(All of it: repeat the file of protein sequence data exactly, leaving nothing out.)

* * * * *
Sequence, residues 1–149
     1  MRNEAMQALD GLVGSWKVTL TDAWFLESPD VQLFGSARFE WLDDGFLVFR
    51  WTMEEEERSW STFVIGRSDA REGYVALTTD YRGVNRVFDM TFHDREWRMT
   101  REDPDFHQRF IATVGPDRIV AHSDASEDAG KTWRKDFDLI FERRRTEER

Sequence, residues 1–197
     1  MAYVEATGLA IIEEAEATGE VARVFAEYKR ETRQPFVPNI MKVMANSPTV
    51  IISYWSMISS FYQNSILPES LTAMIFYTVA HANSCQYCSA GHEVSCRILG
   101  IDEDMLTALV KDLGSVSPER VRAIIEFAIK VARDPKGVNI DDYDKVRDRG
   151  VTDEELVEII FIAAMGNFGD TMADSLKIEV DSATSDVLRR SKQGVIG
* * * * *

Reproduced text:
Sequence, residues 1–149
     1  MRNEAMQALD GLVGSWKVTL TDAWFLESPD VQLFGSARFE WLDDGFLVFR
    51  WTMEEEERSW STFVIGRSDA REGYVALTTD YRGVNRVFDM TFHDREWRMT
   101  REDPDFHQRF IATVGPDRIV AHSDASEDAG KTWRKDFDLI FERRRTEER

Sequence, residues 1–197
     1  MAYVEATGLA IIEEAEATGE VARVFAEYKR ETRQPFVPNI MKVMANSPTV
    51  IISYWSMISS FYQNSILPES LTAMIFYTVA HANSCQYCSA GHEVSCRILG
   101  IDEDMLTALV KDLGSVSPER VRAIIEFAIK VARDPKGVNI DDYDKVRDRG
   151  VTDEELVEII FIAAMGNFGD TMADSLKIEV DSATSDVLRR SKQGVIG